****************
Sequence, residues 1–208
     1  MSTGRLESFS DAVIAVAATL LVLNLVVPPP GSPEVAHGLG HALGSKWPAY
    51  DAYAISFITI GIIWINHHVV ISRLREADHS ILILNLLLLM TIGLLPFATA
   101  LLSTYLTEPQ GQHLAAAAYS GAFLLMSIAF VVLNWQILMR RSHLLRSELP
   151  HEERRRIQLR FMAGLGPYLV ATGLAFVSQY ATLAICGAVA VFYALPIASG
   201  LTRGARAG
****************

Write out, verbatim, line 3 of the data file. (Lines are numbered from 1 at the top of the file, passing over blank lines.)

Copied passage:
    51  DAYAISFITI GIIWINHHVV ISRLREADHS ILILNLLLLM TIGLLPFATA